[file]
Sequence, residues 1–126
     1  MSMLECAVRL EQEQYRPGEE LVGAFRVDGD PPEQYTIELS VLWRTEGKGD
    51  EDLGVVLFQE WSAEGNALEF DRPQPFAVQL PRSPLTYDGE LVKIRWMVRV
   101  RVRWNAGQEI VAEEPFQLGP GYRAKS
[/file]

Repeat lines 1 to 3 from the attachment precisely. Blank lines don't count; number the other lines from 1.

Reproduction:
Sequence, residues 1–126
     1  MSMLECAVRL EQEQYRPGEE LVGAFRVDGD PPEQYTIELS VLWRTEGKGD
    51  EDLGVVLFQE WSAEGNALEF DRPQPFAVQL PRSPLTYDGE LVKIRWMVRV